Birthday Party!!!


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Jul 3, 2004
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Here N There
Not your typical birthday party though. It's inhuman! It's.... god's party! Ok by god I don't mean THE GOD, but in Chinese folk culture, there are many "divine spirits" that they refer to as "god". These spirits are considered a mutated form of Taoism(pretty much any belief is twisted somehow with time and generations). Anyways, this god protects the village where my grandparents live and every 15th June on the Lunar calendar, they celebrate his birthday.

First of all, every third birthday there will be a big celebration, but I missed that one last year. So this year's celebrate is the moderate one. The celebration begins with Taiwanese opera shows for the god days before and will go all the way till a few days after. Yes it's a live performance. It usually starts in the later part of the day and ends at 10pm, and villagers will come out to watch it too. Since this is what people refer to as "sunset industry", the shows aren't as authentic as before. They now have plots where people dress contemporary clothes and probably fusion plots.... I don't know, but it seems that the crowd enjoys it.

So take this as a blog entry and enjoy the story.


Well, the show isn't particular interesting to me. Like I said, it's not authentic anymore but I can't blame them for it. The profession of opera performers has been as "low-class" profession in the traditional sense. It's hard, and like a western circus, performers have to be trained since young. In the past, usually poor families who cannot afford to feed their kids will send them to join the opera. Jackie Chan was raised like that. Of course, things aren't like it used to be, but this is still a tough profession. It's not uncommon to see actors, in their full make-up and costume having to take care of their young kids back stage between acts.

The stage itself is temporary and moves with their truck. Technology has taken it's place with disco lights and LED displays.

What interests me was the crowd. Old folks staying up way past their bed time, or sacrifice their chance to catch their favorite soap operas on the tv (they run re-runs like 10x the next day) to watch these guys perform. The kids who ride their bicycles around and stop to see what's going on. The people who came on their scooters, but cannot decide if they are going to stay, so they just sat on their scooters while they watch. It's like those drive-in theaters in the US, but you get to pick what kind of ride you want to come in. Legs welcomed too!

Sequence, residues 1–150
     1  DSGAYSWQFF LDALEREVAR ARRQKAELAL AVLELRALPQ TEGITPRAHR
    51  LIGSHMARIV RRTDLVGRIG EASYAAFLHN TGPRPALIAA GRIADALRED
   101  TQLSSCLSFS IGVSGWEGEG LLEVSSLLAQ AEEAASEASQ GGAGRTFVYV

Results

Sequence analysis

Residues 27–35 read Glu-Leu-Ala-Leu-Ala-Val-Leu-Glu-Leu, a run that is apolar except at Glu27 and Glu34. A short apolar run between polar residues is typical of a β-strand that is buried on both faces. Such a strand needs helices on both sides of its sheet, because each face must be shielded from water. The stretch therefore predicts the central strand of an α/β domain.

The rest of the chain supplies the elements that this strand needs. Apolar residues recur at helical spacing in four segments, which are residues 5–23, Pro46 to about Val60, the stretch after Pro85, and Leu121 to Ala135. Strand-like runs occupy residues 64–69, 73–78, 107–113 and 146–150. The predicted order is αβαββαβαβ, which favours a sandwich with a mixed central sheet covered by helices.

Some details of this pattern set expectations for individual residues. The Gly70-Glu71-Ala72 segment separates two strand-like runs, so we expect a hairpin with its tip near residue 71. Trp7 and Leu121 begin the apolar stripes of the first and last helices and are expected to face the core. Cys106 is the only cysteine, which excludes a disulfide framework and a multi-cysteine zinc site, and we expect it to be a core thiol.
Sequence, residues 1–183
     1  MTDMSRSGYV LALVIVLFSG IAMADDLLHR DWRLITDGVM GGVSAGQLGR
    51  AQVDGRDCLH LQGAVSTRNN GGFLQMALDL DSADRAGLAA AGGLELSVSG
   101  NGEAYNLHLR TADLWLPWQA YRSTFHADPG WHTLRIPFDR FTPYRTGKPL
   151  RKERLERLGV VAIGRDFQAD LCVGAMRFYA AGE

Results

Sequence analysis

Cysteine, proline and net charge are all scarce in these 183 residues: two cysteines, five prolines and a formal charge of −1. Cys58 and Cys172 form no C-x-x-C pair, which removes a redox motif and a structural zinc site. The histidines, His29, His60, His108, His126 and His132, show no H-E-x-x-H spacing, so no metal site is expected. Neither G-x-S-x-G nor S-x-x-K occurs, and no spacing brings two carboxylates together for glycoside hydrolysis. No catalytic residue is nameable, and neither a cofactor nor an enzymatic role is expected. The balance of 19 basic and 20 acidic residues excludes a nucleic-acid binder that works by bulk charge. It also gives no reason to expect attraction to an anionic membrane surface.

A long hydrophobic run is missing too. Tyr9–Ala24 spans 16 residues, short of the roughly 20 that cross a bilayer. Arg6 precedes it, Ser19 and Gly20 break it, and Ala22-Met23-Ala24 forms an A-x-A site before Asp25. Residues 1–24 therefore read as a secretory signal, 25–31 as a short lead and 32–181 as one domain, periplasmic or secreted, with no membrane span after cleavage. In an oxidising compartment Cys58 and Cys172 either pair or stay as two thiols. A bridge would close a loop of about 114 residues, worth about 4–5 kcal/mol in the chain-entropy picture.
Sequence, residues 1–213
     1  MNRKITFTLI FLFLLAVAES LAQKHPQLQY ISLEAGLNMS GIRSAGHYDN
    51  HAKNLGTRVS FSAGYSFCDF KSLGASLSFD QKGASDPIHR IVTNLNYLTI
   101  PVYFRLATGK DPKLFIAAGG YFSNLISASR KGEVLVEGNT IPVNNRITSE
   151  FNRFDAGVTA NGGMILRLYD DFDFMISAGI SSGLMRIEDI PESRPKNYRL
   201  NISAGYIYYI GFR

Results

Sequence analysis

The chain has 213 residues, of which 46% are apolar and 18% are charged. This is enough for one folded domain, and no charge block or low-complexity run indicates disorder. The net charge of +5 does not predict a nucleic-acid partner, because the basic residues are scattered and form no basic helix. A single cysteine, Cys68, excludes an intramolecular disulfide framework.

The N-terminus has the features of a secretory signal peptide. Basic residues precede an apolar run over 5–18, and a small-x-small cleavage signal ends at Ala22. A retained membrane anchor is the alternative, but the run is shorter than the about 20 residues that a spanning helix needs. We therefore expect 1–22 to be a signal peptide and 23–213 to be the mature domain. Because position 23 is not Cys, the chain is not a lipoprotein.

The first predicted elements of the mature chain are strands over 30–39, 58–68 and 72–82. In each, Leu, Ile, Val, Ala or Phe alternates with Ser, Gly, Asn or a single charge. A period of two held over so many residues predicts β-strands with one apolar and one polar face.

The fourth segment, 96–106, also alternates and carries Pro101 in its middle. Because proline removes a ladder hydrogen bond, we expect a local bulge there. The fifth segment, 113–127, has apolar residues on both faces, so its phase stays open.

Kids taking the front row seat.





Modernized plot!


All to himself.




The stage was set up in front of the temple and facing the temple, so the god can watch it.
Here's his view.

The birthday happened to be a Monday and I guess the god wants to make it more convenient for his followers, so the temple announced that worshippers can come the night before to join the ceremony.



The priest leads the ceremony, saying things that I don't really understand, but everyone seemed to know what's going on because they knew exactly when to bow. I just kept taking photos.





Here's how you write birthday cards to gods.

At the end, it's time to burn some paper money. The Chinese burn stuffs to the dead or divine gods as gifts and gratitude. The burning process is a form of transformation, a mailing action if you will, from one world to another. At the temple, they have a concrete tower for this. There's an opening at people's height and an opening on the top of the tower. So the heat forms a convection air flow that sucks in air from the lower opening. When it gets powerful enough, you can just place the paper money at the opening and it gets sucked in. No super natural power required!


The next morning, people are getting ready for the ceremony. They have their own spots at the tables where they place their offerings, usually flowers, fruits, some meat and snacks. These will be retrieved by themselves when the ceremony ends later in the day.



The furnace in the day.




I left before the ceremony started, but you can check here for the one that I documented back in 2007.
Cowing Around: Wilder than Paris Hilton's Party!

Aha sorry, just saw that you wrote about Chinese folk culture in the beginning ...

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